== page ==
BTGuard is a Canadian-based VPN provider that is especially popular with torrent users. The lack of mandatory data retention laws in Canada means that there’s no need for BTGuard to maintain user activity logs that can be presented to authorities when requested. This is good news for users who are particularly concerned about their online privacy. BTGuard delivers in the basic areas that matter for a VPN, although they ought to improve in others as we’ll see in the rest of the review.
Plans and Pricing
BTGuard’s pricing plans are a no-frills affair. The company offers only two packages each with a pretty basic rate but without any assurances of a money back guarantee or a trial period.
The BitTorrent Proxy package costs $6.95 and is designed for torrent users who wish to download files without being identified. With this plan, users get a proxy IP that conceals their real identity online. The company also offers encryption on this package to users who need it, but it’s generally not required to ensure privacy.
Users also get a pre-configured uTorrent client terminal, but there are several clients available for which the company offers configuration manuals.
The second plan is simply called the VPN package that costs $9.95 per month. It’s a really straightforward plan that offers 256-bit OpenVPN encryption, although there is 128-bit encryption on PPTP as well.
BTGuard’s server network is not all that elaborate and the company appears to be focusing on users in North America, Europe, and a small part of Asia. Their servers are located in Canada, Netherlands, and Singapore, but have a host of big-name backbone providers including Deutsch Telekom, Telia, NTT Communications, and Global Crossings, among others. BTGuard doesn’t impose any restrictions on bandwidth usage and torrent users will be especially pleased with this.
Security and Privacy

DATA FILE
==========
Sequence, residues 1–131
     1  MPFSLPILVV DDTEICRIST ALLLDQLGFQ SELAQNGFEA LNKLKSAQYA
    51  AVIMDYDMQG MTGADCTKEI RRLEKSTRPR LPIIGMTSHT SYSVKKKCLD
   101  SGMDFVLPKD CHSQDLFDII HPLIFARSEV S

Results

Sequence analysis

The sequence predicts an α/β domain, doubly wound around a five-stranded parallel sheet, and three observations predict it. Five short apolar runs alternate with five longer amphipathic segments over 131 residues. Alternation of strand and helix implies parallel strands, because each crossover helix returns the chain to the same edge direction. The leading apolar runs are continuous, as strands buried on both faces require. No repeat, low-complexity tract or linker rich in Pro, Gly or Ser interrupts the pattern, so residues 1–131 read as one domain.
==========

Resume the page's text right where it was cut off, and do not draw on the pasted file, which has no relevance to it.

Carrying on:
BTGuard gets high marks in the security and privacy department for its commitment to ensure that users’ privacy is protected. This is a critical area for every VPN provider and one where prospect users need a lot of assurances before subscribing.
Since BTGuard is based in Toronto, Canada, the company is not obligated by law to maintain user logs of their connections or usage. That being said, it appears that the company keeps some personal information for billing purposes. But since no usage logs are kept, you shouldn’t worry about the retained personal information.
The company also gets high marks for their use of 256-bit AES encryption as default for new connections. This level of security is considered safe and not easy to break, and this should be good news to users concerned about the security of their information on the web.
As with most things about the company, BTGuard’s website is pretty basic. The theme is entirely black and you may initially not take them seriously. However, you’ll love the easy access to the most basic information that most users search for, which is setup information. On the same page, they offer a customer support link that redirects to their support center where you can submit your query via a ticketed email system. There appears to be no live chat support though.
Pros and Cons
BTGuard’s biggest advantage is that they do not keep usage logs as they are not required to do so under Canadian law. The 256-bit encryption offered as standard is an impressive feature too, and so is the fact that there are no restrictions on bandwidth.
However, BTGuard needs to improve on its connection speeds. Users also complain about the slow and poor customer service. Also, the company stores user password in plain text and they send them to users unencrypted, which is massively sloppy for a VPN provider.